The bill, which is headed to the Senate, would save $80 billion in federal subsidies given to banks each year to provide loans to students, Obama said.
"The thing is the government also guarantees the loans in case the students don't repay. So, we're subsidizing banks to take on the risk of lending money to students even though the taxpayers are absorbing the risk, anyway," Obama said at the Hudson Valley Community College in Troy, N.Y.
A week after Obama, speaking at Federal Hall in New York, admonished banks to take on more civic responsibility, he said the government should "cut out the middlemen, the banks," in the student loan program -- in which banks, he said, collect the subsidy and dodge the risk. Worse yet, he scolded, "we are already seeing the special interests rallying to save this giveaway," saving a special jab for "large banks, many of which benefited from taxpayer bailouts during the financial crisis," for "lobbying to keep this easy money flowing."
"Ending this unwarranted subsidy for big banks is a no-brainer for folks everywhere -- everywhere except Washington, that is," Obama said.
This makes it, once again, a tough week for banks politically, as European leaders of the Group of 20 nations have pledged to get tough on huge bonus paychecks that leaders, including U.S. leaders, feel encourages risky investments.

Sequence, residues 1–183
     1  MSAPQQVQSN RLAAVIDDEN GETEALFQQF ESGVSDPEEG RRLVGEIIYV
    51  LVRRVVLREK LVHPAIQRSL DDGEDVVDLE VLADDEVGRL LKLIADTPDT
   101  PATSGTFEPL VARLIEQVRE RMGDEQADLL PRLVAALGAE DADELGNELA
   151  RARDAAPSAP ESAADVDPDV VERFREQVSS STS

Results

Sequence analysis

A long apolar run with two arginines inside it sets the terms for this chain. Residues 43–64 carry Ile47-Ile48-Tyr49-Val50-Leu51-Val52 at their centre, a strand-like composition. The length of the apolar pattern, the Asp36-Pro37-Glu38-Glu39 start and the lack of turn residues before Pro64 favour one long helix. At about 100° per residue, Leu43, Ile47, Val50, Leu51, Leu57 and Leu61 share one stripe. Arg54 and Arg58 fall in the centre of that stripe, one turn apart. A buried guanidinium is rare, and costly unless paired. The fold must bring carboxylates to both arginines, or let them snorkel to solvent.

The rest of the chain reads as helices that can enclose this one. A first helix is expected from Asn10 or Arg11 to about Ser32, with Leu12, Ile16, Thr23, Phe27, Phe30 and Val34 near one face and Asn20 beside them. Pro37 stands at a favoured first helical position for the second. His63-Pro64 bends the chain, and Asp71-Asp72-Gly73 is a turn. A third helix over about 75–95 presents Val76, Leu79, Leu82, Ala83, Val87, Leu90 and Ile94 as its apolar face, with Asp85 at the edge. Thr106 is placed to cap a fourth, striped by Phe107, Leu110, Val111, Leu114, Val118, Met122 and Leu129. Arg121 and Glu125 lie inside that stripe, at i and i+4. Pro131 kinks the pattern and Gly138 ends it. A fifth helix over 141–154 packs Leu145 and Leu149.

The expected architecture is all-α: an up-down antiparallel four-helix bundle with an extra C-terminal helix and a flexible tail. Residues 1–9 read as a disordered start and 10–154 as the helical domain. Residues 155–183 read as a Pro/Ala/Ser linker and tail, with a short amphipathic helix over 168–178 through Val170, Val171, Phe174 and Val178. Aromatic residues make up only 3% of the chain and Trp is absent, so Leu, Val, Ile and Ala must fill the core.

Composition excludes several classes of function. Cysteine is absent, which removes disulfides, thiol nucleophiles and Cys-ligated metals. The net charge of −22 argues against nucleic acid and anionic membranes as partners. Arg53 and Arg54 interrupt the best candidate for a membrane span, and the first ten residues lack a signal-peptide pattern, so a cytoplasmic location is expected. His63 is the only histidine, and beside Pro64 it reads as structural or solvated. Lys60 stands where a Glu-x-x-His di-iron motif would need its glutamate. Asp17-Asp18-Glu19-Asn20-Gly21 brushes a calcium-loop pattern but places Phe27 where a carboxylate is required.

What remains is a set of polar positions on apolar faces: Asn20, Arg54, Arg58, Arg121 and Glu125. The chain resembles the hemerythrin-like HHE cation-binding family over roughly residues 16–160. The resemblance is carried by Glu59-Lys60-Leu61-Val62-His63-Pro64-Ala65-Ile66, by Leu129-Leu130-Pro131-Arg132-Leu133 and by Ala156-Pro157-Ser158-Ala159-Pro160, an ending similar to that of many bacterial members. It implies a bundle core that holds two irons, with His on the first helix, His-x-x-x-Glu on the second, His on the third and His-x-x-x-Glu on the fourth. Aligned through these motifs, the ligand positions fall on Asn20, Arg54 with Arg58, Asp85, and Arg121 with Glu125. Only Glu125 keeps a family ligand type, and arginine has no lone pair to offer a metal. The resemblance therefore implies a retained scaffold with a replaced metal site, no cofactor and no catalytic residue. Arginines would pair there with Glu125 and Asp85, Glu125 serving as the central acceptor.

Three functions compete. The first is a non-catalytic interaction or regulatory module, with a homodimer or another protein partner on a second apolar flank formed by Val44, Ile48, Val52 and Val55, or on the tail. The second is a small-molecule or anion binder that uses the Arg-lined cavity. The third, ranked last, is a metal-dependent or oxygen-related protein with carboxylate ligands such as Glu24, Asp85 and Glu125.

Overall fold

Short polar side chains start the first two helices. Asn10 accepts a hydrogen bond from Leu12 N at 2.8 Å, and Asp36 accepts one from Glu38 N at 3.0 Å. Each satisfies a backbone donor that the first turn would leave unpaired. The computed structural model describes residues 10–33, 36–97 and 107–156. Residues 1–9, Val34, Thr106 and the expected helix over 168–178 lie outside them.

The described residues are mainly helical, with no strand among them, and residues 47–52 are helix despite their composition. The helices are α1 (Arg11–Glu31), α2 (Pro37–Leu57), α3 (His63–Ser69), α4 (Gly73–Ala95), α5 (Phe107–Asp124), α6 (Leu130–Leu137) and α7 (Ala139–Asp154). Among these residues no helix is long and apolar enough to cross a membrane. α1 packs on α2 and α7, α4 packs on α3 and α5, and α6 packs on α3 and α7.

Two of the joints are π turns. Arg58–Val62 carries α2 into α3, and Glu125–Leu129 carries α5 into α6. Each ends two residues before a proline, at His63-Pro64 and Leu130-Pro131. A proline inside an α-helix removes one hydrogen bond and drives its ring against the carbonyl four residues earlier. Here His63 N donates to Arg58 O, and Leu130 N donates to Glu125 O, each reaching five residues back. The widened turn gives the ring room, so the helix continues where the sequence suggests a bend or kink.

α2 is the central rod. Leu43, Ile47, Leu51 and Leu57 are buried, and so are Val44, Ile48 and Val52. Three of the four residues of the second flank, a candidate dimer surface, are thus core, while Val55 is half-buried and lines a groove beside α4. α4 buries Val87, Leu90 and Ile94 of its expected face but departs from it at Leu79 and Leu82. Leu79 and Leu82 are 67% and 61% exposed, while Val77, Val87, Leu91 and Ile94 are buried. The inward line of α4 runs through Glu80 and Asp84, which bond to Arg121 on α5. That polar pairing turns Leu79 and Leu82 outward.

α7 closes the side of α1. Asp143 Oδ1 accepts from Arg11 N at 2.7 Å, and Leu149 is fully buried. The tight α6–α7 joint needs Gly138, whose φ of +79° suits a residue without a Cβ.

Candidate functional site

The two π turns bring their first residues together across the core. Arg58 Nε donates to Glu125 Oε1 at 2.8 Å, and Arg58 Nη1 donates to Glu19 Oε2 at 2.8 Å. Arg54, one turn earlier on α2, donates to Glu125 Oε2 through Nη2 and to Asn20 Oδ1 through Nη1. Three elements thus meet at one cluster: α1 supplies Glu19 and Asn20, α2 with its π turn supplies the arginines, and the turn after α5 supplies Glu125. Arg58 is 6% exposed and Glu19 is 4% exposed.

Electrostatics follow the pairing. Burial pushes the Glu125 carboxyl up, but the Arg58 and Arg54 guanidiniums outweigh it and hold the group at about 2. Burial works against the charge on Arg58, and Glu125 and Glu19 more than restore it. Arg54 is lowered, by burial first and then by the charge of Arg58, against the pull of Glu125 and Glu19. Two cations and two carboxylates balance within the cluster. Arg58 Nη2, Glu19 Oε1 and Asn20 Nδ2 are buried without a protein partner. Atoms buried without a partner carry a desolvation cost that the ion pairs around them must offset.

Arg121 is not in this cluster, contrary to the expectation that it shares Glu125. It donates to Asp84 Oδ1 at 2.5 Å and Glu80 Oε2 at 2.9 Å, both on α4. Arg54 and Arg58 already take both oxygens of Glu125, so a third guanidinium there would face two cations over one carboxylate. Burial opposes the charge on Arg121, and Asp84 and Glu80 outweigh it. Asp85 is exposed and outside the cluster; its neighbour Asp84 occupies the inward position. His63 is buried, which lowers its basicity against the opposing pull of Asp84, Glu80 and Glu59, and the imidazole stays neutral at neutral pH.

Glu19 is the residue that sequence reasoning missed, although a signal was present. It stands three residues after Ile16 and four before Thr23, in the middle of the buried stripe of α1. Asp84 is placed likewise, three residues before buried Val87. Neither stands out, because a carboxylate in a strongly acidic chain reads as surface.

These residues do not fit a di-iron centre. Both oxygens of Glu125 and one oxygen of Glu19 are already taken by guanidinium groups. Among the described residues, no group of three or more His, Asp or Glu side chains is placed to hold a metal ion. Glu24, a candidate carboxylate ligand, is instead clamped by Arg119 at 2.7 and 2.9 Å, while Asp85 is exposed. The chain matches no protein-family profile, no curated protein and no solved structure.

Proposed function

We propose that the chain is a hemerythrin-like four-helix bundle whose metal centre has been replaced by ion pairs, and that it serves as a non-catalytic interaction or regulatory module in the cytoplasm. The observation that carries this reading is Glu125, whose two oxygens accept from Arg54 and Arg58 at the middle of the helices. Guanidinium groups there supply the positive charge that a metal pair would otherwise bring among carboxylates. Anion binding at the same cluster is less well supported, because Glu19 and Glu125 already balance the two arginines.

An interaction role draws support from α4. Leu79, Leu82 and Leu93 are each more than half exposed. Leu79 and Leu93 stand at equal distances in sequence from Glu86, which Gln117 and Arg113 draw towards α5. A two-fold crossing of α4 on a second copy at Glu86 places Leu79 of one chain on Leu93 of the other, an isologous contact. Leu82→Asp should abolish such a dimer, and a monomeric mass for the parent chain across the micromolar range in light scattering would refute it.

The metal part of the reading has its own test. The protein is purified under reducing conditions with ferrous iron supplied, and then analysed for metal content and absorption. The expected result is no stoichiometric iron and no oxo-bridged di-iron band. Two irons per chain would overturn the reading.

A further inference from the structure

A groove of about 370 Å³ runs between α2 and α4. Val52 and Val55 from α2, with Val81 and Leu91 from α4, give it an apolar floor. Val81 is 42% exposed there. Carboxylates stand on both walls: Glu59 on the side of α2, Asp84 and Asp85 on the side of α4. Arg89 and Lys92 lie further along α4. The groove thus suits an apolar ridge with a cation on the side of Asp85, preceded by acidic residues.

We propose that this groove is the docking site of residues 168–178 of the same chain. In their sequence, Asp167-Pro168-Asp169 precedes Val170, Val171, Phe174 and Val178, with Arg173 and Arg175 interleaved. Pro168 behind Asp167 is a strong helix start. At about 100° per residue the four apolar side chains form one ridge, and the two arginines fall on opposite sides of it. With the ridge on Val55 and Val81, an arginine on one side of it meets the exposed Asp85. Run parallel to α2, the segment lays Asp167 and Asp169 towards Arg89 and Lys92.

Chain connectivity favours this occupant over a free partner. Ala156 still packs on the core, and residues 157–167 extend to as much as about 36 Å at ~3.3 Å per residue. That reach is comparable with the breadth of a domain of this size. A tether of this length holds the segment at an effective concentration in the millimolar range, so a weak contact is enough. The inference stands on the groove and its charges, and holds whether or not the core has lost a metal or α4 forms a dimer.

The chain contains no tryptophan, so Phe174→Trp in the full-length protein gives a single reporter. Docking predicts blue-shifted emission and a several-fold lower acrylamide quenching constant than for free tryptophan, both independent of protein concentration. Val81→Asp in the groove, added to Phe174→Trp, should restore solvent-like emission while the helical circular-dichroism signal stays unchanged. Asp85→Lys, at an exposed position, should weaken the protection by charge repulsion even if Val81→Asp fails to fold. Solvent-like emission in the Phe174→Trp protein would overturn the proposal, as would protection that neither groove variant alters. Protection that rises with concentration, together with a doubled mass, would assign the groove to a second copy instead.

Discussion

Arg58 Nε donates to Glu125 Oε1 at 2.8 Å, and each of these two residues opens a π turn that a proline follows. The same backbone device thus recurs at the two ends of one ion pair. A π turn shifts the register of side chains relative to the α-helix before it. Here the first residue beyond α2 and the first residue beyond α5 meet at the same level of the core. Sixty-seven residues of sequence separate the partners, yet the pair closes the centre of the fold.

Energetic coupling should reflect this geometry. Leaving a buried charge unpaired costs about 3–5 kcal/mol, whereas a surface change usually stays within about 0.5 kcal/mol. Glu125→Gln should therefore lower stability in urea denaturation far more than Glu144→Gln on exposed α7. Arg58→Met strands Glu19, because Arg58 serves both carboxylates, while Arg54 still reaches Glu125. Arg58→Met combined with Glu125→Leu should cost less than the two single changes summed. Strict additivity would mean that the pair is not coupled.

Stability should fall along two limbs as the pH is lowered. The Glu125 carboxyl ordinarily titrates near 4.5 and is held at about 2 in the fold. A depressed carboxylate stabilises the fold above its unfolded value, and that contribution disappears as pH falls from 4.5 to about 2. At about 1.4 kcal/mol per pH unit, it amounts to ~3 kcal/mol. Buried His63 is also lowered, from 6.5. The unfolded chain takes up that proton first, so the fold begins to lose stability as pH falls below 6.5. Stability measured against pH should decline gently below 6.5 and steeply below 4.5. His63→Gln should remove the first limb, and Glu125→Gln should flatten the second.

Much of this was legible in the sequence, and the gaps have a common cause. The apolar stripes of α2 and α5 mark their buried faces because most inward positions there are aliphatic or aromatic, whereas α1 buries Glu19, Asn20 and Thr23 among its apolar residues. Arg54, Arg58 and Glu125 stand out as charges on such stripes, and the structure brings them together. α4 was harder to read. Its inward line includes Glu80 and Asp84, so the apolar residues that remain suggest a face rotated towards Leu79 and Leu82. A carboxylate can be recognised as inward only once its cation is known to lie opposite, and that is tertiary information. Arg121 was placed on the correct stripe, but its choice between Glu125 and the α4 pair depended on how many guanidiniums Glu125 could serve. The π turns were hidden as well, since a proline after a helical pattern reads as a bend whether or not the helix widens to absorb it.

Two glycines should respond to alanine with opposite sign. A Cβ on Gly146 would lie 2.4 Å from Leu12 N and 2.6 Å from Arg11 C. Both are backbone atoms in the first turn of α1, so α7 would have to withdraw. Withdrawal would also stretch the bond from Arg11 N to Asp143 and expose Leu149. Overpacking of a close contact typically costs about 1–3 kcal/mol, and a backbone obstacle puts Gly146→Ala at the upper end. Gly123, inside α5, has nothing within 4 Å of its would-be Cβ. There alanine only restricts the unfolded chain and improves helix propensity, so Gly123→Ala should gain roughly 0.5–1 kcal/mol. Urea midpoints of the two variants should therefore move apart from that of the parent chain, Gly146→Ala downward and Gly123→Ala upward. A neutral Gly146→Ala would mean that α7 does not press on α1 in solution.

It remains to be seen what agreement can be reached in Pittsburgh Thursday and Friday on an issue often said to be pointless to tackle if leaders do not reach a full consensus. But the pressure is on. Large banks are the new bad.
Behind a get-tough scheme on an international scale, however, leaders know financial firms do not survive in a country that is the only one enforcing a draconian pay system for employees. On the pay issue, it's all for one or don't bother.
On the other hand, how much political willpower will remain for world leaders to tackle bank bonus checks six months down the road? And world leaders also know that it may be a now-or-never proposition.
Markets Monday stalled of their own accord with investors worried that a prolonged run up -- one of the longest in history -- has to end sometime.
The Dow Jones industrial average, to choose one index, is up 46 percent from March and poised to break above 10,000 for the first time since Oct. 6, 2008. But, the sentimental number may not mean much in markets where reality checks are the norm.
In Monday's reality check, the DJIA turned lower following a down day in Asia and Europe.
Copyright 2009 by United Press International.